Northern Rock is suing Societe Generale, alleging the French investment bank knowingly sold it toxic mortgage assets dressed up as valuable securities.
The so-called bad bank part of the failed British lender was given permission by a New York judge to launch the suit after he kicked out SocGen’s attempt to get the case scrapped.
Northern Rock’s investment was $34m (£20.4m) – the full Kleros VIII collateralised debt obligation (CDO) sold by SocGen amounted to just over $3bn.
If Northern Rock Asset Management’s (NRAM) suit is successful, the French bank could see a wave of other suits launched in its wake.
But SocGen is fighting the case.
NRAM claims SocGen traders expected a crash to come in the mortgage market and were short selling products such as the one it sold to Northern Rock.
But despite this, NRAM argues, SocGen actively marketed portfolios of bad loans as A-rated assets.
The court struck out SocGen’s initial objections that the sale document noted that the seller did not take responsibility for some of the marketing material.
As the case goes forward, SocGen will have to present internal documents to the court, and its staff or former workers will give evidence.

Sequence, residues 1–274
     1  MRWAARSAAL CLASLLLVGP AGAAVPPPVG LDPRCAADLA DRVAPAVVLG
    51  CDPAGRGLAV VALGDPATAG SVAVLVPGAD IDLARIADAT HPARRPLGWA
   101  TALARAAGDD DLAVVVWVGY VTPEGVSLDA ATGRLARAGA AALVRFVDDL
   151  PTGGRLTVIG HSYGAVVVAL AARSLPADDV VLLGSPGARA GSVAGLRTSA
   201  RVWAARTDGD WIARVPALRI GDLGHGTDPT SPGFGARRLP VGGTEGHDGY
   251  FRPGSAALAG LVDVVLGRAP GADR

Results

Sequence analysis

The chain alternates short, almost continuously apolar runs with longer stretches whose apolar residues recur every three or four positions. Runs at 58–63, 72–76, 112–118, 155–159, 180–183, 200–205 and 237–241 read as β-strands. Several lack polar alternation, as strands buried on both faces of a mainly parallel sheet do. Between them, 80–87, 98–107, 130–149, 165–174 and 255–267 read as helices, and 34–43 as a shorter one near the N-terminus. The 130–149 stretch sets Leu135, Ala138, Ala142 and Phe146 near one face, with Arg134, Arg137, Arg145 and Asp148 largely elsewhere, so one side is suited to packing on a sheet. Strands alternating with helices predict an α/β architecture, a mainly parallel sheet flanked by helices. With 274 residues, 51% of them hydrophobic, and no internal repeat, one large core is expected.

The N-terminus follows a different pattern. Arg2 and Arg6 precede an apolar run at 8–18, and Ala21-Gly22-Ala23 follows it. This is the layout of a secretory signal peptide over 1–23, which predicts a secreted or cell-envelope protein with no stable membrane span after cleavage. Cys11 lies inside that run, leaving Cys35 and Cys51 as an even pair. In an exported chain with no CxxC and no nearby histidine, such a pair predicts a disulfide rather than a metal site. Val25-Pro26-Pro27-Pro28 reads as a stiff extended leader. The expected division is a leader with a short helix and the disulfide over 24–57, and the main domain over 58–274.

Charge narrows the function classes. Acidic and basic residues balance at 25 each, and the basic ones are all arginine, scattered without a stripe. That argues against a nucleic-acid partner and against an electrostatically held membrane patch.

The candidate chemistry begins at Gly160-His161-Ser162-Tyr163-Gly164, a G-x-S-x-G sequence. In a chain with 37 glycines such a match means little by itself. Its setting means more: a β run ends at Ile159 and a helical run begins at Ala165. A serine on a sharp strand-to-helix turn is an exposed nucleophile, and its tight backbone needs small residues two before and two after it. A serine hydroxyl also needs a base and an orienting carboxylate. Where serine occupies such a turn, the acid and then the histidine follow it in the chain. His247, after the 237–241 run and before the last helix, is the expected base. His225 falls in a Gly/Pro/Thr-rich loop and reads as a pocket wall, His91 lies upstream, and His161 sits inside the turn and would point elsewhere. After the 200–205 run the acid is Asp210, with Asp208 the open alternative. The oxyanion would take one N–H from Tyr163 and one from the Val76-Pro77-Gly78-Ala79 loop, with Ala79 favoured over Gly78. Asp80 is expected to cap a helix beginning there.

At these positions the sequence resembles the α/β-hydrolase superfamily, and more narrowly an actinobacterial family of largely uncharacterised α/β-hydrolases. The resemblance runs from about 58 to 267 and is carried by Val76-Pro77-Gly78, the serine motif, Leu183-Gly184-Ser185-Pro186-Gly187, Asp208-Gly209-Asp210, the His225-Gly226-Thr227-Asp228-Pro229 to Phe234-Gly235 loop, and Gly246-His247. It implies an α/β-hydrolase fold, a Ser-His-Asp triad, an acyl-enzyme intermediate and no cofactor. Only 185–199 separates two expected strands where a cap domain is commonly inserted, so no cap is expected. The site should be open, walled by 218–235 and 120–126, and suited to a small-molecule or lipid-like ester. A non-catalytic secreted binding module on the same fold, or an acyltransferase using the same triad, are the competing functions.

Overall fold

The French bank has argued so far that it never gave Northern Rock the assurances of asset quality that NRAM claims it did.
The case then goes to a jury to decide whether or not SocGen did mislead Northern Rock.
Depending on the outcome, this suit may be followed by others.
“Different investors have different attitudes to bringing suits – some have put these losses behind them,” said Bruce Grace from law firm Lewis Baach, who is acting for NRAM.
“But this is the first suit on this particular CDO.”
He expects the case to take at least another year to reach its conclusion.
Societe Generale declined to comment on the case.